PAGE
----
The Dallas Court of Appeals stated that assessment and collection of taxes is a governmental function. Under the Texas Tort Claims Act, there is no waiver of immunity for tort claims arising in connection with the assessment or collection of taxes by a governmental unit. Therefore, the court concluded that the trial court did not err when granting the city’s plea to the jurisdiction with respect to Douglas’s negligent misrepresentation and fraudulent inducement claims.

The Dallas Court of Appeals refrained from weighing in on whether the governmental/proprietary dichotomy applies to Douglas’s breach of contact claim. Instead, the court stated that it already concluded that Douglas’s claim implicates a governmental function for which immunity is not waived. The city also argued that a tax abatement agreement is not an agreement for goods or services. Because Douglas did not challenge this independent ground that could support the trial court’s ruling, the Dallas Court of Appeals affirmed the dismissal of the breach of contract claim.     

Code Enforcement: Benitez v. City of Dallas, No. 05-13-01368-CV, 2015 WL 3511476 (Tex. App.―Dallas June 3, 2015) (mem. op.).  The City of Dallas filed a petition alleging Benitez was using property illegally for outside salvage and reclamation. The city sought an injunction enjoining the illegal land use. Benitez did not file an answer, and the city filed a motion for default judgment. At the trial court’s hearing, a code enforcement officer testified that Benitez did not have a specific use permit, which would have allowed the otherwise illegal use. The trial court entered a default judgment granting the city injunctive relief and awarding civil penalties. Benitez filed a motion to set aside the default judgment. When that was overruled, Benitez appealed. The Dallas Court of Appeals concluded that the evidence was legally and factually sufficient to support the trial court’s award, citing the testimony and photographs produced at the hearing. The appeals court affirmed the trial court’s judgment.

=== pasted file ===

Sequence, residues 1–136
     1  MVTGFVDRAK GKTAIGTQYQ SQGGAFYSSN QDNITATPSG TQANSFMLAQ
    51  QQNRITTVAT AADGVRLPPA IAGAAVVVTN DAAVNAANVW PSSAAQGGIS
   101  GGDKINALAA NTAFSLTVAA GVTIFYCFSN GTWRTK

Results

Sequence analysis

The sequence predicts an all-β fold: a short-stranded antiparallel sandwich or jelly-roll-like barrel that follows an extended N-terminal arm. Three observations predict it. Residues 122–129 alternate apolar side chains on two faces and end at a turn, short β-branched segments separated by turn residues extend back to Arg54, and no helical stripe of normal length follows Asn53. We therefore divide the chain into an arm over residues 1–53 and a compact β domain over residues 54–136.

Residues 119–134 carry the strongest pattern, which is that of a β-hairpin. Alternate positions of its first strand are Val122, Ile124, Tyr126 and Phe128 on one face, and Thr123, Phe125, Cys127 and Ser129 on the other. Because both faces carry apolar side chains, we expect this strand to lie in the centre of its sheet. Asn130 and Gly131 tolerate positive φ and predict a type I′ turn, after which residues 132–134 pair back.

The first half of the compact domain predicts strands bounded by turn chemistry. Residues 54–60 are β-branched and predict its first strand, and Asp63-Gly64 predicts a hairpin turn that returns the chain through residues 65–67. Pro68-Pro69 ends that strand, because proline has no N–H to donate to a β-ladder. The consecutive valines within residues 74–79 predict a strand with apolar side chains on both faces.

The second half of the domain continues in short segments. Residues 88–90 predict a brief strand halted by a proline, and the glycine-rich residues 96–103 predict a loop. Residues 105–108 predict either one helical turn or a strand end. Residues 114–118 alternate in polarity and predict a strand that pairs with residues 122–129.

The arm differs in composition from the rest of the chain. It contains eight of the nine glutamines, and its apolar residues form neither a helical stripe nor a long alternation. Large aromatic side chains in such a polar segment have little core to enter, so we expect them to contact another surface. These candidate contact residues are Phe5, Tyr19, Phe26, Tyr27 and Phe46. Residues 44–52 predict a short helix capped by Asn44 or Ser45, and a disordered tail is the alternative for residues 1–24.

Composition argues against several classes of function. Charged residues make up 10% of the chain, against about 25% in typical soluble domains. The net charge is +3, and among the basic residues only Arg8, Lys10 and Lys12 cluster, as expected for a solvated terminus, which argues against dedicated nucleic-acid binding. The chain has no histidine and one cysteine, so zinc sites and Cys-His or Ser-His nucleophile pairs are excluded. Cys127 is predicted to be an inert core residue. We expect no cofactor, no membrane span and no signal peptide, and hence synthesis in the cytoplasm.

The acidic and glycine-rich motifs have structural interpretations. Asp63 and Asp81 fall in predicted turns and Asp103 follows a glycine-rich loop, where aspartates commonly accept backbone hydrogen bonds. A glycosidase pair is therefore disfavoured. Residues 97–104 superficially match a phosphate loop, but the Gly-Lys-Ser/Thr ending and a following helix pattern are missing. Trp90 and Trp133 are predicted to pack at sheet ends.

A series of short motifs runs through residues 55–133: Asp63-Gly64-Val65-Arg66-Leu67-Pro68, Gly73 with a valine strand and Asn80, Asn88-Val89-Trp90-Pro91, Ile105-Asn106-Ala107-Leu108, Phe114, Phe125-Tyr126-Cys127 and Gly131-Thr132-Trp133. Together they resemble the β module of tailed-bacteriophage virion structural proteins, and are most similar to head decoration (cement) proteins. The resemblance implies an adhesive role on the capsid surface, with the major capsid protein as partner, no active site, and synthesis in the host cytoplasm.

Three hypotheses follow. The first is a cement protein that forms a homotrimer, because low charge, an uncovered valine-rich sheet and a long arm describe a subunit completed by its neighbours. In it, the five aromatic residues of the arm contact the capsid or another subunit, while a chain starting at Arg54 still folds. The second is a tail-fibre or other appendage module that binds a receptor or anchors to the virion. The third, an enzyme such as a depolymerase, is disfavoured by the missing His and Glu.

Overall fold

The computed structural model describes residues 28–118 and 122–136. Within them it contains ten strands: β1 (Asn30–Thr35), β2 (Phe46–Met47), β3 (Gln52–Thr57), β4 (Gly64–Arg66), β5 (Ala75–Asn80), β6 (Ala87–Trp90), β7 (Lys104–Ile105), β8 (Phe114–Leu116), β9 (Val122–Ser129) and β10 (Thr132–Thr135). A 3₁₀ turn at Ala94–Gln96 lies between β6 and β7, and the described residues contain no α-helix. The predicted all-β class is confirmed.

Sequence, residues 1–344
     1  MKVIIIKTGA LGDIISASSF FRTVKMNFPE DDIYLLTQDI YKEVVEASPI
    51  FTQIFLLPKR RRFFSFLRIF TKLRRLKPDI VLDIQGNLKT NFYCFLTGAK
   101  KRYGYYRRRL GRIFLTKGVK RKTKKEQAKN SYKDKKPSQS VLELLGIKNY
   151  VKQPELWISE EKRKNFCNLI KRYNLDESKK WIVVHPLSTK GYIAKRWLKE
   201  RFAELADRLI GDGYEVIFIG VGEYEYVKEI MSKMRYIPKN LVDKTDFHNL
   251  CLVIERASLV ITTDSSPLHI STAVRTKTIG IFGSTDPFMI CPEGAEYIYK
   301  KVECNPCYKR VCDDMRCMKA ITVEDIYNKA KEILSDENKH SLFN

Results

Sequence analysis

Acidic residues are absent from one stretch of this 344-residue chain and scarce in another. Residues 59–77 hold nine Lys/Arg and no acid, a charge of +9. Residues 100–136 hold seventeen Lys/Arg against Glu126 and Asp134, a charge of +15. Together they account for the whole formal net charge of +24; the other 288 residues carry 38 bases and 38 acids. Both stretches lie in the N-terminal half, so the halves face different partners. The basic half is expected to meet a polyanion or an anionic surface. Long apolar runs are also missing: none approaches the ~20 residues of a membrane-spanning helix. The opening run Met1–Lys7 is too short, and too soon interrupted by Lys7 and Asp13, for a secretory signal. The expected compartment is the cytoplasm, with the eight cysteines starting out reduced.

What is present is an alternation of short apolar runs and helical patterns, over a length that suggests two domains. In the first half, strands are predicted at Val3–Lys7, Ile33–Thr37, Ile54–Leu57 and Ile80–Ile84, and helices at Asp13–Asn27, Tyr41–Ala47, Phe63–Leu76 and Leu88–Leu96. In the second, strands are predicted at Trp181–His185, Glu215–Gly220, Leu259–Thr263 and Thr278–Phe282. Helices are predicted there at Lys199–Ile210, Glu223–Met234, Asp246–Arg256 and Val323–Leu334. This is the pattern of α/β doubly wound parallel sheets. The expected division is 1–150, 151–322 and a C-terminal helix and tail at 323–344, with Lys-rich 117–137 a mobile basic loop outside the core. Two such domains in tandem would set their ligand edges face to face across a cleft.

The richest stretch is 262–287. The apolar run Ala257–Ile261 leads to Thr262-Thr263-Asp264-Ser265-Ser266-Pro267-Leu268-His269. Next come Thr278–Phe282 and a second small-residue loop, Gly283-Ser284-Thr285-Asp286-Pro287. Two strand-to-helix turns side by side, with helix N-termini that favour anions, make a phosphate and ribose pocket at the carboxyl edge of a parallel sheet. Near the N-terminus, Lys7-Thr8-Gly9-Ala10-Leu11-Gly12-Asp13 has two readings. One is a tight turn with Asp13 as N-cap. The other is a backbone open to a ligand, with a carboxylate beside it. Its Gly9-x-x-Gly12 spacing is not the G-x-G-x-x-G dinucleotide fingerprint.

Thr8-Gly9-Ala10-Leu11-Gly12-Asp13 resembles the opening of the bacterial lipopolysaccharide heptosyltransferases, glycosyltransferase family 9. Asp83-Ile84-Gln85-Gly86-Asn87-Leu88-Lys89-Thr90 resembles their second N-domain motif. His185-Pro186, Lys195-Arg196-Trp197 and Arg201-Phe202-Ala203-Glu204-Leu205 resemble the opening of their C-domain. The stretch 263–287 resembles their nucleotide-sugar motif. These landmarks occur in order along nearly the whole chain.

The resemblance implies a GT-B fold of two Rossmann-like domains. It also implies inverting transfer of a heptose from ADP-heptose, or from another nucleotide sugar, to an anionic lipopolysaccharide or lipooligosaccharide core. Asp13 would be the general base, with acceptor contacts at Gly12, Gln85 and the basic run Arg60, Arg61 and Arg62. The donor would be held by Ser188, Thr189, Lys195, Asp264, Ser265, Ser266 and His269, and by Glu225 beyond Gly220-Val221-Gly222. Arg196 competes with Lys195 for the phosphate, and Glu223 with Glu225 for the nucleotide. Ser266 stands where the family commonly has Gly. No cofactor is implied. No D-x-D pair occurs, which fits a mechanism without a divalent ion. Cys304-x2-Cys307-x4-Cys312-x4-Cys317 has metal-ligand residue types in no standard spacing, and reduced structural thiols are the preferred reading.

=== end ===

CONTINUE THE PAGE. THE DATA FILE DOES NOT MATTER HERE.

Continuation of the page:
Tax Foreclosure: Roal Global Corp. v. City of Dallas, No. 05-14-01049-CV, 2015 WL 2407827 (Tex. App.―Dallas May 21, 2015) (mem. op.). This is an interlocutory appeal from the granting of the city’s plea to the jurisdiction in a case involving an interpretation of the Tax Code which the court of appeals affirmed. The main issue is whether the declaratory judgment claims are permitted since no challenge to an ordinance or statute exists. Roal Global alleges it purchased two properties from the city which the city acquired through tax foreclosure, but the city subsequently asserted Roal Global owed the outstanding property taxes. Roal Global sued the city which responded with a plea to the jurisdiction. The trial court granted the plea and Roal Global appealed. Roal Global was essentially seeking a declaration of its rights and status under sections of the Tax Code by asserting the city should have applied the sale proceeds to the back taxes. However, the Uniform Declaratory Judgment Act does not waive the government’s immunity from a suit seeking a declaration of rights under a statute or that government actors violated the law, only that a statute or ordinance is invalid. As a result, the plea was properly granted.  And since this is an interlocutory order and other parties remain, once the stay under Texas Civil Practices & Remedies Code Section 51.014(b) is lifted, Roal Global can add ultra-vires claims if it wishes, but there is no need to allow suit against the entity to continue and no need to allow them to re-plead against such entity.*